Clean Harbors Management Discusses Q4 2012 Results - Earnings Call Transcript

Feb.20.13 | About: Clean Harbors, (CLH)

Clean Harbors (NYSE:CLH)

Q4 2012 Earnings Call

February 20, 2013 9:00 am ET

Executives

David T. Musselman - Senior Vice President and General Counsel

Alan S. McKim - Founder, Chairman and Chief Executive Officer

James M. Rutledge - Vice Chairman, President and Chief Financial Officer

Analysts

Albert Leo Kaschalk - Wedbush Securities Inc., Research Division

Hamzah Mazari - Crédit Suisse AG, Research Division

Lawrence Solow - CJS Securities, Inc.

Adam R. Thalhimer - BB&T Capital Markets, Research Division

David J. Manthey - Robert W. Baird & Co. Incorporated, Research Division

Sean K.F. Hannan - Needham & Company, LLC, Research Division

Michael E. Hoffman - Wunderlich Securities Inc., Research Division

Richard Wesolowski - Sidoti & Company, LLC

Jamie Sullivan - RBC Capital Markets, LLC, Research Division

Operator

Greetings, and welcome to the Clean Harbors, Inc. Fourth Quarter 2012 Conference Call. [Operator Instructions] As a reminder, this conference is being recorded. It is now my pleasure to introduce your host, David Musselman, General Counsel for Clean Harbors, Inc. Thank you. Mr. Musselman. You may now begin.

David T. Musselman

Thank you, Kevin, and good morning, everyone. Thank you for joining us today. On the call with me are Chairman and Chief Executive Officer, Alan S. McKim; and Vice Chairman, President and Chief Financial Officer, Jim Rutledge.

Matters we are discussing today that are not historical facts are considered forward-looking statements within the meaning of the Private Securities Litigation Reform Act of 1995. Participants are cautioned not to place undue reliance on these statements, which reflect management's opinions only as of this date, February 20, 2013. Information on potential factors and risks that could affect the company's actual results of operations is included in our filings with the SEC. The company undertakes no obligation to revise or publicly release the results of any revision to the forward-looking statements made in today's press release or this morning's call other than through SEC filings that will be made concerning this reporting period.

In addition, I would like to remind you that today's discussion will include references to non-GAAP measures. Clean Harbors believes that such information provides an additional measurement and consistent historical comparison of its performance. A reconciliation of the non-GAAP measures to the most directly comparable GAAP measures is available in today's press release, which can be found on our website, cleanharbors.com.

And now I'd like to turn the call over to our CEO, Alan McKim. Alan?

Alan S. McKim

Thanks, David, and good morning, everyone. Before going through how our segments performed this quarter, I'd like to talk about our acquisition of Safety-Kleen. We have now owned Safety-Kleen for approximately 7 weeks, and I can say we're just as excited today about the value and prospects we see for our combined company as we were when the acquisition process began. We continue to believe that it was a great deal for Clean Harbors and our shareholders. We view it as an excellent opportunity to build an even greater company together. When the deal was announced back in October, we held a conference call to discuss Safety-Kleen. And as we've gotten to know the business and the employees better, it has reinforced many of the primary factors behind the transaction, and we have more to share with you today.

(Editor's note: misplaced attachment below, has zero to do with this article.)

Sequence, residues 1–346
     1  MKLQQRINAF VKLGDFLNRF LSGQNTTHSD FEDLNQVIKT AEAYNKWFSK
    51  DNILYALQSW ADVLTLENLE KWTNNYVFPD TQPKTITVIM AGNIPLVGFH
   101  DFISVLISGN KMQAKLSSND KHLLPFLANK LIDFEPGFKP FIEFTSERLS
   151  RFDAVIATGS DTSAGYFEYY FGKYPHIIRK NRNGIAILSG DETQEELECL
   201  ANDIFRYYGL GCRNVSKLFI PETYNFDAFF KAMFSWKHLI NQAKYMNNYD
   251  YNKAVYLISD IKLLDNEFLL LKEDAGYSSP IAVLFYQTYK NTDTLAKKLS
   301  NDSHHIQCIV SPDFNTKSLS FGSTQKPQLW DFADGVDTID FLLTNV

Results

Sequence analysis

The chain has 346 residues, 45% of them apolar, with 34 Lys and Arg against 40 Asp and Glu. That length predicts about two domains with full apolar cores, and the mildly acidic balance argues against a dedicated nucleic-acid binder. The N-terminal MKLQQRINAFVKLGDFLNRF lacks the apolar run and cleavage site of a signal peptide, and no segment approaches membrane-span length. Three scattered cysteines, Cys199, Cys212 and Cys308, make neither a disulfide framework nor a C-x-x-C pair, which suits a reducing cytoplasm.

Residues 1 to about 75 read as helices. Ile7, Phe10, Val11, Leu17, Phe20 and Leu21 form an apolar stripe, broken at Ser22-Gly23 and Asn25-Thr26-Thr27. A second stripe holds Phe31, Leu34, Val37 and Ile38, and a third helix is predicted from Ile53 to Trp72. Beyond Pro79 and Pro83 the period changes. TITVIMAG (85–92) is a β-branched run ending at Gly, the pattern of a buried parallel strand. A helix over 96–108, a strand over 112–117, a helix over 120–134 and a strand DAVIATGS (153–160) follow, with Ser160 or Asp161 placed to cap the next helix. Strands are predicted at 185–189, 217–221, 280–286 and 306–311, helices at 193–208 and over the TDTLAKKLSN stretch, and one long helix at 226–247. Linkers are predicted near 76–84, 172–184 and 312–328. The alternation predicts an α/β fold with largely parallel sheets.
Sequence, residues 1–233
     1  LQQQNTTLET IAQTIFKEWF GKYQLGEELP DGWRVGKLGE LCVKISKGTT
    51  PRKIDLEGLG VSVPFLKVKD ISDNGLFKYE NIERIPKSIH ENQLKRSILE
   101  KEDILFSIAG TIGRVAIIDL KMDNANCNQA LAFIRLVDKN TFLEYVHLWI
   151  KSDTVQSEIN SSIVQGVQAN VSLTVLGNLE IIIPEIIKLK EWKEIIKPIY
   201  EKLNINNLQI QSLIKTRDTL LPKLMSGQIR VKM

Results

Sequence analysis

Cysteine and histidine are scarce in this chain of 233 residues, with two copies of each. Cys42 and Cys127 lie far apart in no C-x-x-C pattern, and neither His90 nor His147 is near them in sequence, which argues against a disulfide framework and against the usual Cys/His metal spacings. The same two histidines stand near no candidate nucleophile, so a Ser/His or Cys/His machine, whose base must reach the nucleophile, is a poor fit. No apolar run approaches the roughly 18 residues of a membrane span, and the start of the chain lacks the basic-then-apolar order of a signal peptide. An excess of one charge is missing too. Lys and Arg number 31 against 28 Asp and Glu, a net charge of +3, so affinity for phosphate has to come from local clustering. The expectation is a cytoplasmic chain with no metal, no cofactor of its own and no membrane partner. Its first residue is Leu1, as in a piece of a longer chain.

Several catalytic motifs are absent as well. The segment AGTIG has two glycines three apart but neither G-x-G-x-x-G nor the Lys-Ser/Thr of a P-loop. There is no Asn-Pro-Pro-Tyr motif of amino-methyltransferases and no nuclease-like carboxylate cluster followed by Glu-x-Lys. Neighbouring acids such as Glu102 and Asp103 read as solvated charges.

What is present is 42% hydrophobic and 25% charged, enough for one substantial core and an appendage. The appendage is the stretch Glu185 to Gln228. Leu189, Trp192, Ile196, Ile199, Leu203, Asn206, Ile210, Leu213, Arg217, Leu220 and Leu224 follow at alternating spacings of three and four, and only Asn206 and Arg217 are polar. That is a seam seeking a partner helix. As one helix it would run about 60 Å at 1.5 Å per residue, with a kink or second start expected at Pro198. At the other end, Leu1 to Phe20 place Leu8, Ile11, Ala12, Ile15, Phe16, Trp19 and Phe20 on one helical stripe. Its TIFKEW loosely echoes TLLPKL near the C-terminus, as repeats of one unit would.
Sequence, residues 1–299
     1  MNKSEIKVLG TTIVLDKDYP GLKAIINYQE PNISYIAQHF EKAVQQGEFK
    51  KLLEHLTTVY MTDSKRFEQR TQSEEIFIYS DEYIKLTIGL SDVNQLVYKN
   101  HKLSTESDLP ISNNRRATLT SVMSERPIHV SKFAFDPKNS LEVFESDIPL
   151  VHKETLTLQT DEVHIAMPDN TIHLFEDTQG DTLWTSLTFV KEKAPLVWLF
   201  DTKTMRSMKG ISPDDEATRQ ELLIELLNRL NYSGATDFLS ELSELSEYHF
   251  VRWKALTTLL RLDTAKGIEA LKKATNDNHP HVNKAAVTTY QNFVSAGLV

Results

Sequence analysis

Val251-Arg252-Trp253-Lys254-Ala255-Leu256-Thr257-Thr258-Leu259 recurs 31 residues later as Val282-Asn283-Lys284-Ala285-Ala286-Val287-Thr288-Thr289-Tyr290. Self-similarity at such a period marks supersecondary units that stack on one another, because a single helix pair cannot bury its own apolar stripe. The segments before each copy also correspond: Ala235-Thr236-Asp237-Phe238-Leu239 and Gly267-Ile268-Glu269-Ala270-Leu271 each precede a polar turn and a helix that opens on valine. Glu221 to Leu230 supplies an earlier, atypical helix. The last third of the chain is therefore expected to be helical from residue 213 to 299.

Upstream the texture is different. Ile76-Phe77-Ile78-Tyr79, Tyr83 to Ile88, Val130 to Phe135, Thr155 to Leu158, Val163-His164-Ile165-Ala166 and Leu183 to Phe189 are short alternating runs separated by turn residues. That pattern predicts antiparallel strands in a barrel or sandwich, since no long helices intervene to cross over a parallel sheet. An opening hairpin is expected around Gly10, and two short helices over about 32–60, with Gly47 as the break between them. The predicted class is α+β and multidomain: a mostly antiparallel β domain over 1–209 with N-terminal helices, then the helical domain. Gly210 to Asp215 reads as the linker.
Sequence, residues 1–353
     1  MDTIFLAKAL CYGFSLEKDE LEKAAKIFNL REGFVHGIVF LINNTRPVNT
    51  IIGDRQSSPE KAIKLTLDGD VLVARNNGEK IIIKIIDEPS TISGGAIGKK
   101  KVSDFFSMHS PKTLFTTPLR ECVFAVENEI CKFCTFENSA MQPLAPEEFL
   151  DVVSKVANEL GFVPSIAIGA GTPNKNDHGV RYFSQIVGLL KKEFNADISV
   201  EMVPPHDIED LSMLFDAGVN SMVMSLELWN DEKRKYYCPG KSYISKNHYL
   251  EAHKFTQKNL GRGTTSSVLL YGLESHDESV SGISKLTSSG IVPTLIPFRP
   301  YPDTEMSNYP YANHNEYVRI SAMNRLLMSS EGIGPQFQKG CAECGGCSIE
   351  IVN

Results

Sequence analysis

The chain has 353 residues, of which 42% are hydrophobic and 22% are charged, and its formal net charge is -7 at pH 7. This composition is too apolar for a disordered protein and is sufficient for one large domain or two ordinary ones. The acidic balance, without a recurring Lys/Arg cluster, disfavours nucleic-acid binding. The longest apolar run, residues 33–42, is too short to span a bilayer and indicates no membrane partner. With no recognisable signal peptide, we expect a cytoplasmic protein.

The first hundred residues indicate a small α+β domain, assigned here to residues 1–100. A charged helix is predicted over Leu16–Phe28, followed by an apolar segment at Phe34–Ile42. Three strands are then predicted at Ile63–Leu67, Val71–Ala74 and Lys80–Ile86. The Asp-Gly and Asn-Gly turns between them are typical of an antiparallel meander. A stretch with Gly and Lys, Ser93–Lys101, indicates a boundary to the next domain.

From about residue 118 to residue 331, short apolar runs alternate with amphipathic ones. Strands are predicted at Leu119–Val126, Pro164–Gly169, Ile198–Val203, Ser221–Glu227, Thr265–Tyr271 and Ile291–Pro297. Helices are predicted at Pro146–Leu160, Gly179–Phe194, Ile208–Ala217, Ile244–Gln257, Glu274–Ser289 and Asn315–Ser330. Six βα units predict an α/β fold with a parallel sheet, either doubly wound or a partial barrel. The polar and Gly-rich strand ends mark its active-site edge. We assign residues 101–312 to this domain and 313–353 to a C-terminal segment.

Safety-Kleen is the established leader in 4 important lines of business: small quantity waste generators, parts washers, used oil collection and re-refining of lubricants from waste oil. The revenues of Safety-Kleen are relatively predictable, although they have some seasonality which Jim will explain in his review.

The small quantity generator line of business is approximately $200 million in revenue and broadens our service portfolio and leverages our waste treatment network and capabilities, which supports our one-stop shop philosophy with customers. Safety-Kleen handles a substantial amount of waste volumes, and that is all starting to be directed into our Disposal network. Due to its leadership in the SQG market, Safety-Kleen has built an enormous customer base of more than 200,000. One of the things we've learned since completing the acquisition is just how little overlap there is between our 2 organizations in terms of customers and revenue. In fact, of Safety-Kleen's $1.4 billion in annual revenue, we've determined that only about $70 million of that overlaps with ours. That translates into many cross-selling opportunities for both sides.

The parts washer business, along with its allied -- sale of allied products, accounts for approximately $265 million in revenue. We see tremendous growth opportunity to grow this line of business across North America, particularly across our Canadian infrastructure and our Canadian customer base. The addition of Safety-Kleen, with its closed loop recycling approach, greatly enhances our commitment to sustainability, and that's an area that is only going to be getting stronger in the years ahead. We see growing long-term demand for recycled products, including the re-refined oil.